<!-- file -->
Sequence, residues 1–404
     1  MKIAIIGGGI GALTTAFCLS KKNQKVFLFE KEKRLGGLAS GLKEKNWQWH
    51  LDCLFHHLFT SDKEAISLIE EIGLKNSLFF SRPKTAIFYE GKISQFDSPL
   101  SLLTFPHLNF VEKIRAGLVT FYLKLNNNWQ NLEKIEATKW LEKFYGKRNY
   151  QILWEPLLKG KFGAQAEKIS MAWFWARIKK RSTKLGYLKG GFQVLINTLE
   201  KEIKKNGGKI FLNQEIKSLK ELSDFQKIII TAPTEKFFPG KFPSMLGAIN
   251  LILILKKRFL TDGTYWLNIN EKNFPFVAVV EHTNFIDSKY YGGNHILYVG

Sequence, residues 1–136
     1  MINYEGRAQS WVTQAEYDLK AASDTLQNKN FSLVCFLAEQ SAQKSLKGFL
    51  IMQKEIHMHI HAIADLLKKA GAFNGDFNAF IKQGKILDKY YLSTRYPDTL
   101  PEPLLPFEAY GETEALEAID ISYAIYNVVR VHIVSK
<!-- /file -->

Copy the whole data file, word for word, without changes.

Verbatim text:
Sequence, residues 1–404
     1  MKIAIIGGGI GALTTAFCLS KKNQKVFLFE KEKRLGGLAS GLKEKNWQWH
    51  LDCLFHHLFT SDKEAISLIE EIGLKNSLFF SRPKTAIFYE GKISQFDSPL
   101  SLLTFPHLNF VEKIRAGLVT FYLKLNNNWQ NLEKIEATKW LEKFYGKRNY
   151  QILWEPLLKG KFGAQAEKIS MAWFWARIKK RSTKLGYLKG GFQVLINTLE
   201  KEIKKNGGKI FLNQEIKSLK ELSDFQKIII TAPTEKFFPG KFPSMLGAIN
   251  LILILKKRFL TDGTYWLNIN EKNFPFVAVV EHTNFIDSKY YGGNHILYVG

Sequence, residues 1–136
     1  MINYEGRAQS WVTQAEYDLK AASDTLQNKN FSLVCFLAEQ SAQKSLKGFL
    51  IMQKEIHMHI HAIADLLKKA GAFNGDFNAF IKQGKILDKY YLSTRYPDTL
   101  PEPLLPFEAY GETEALEAID ISYAIYNVVR VHIVSK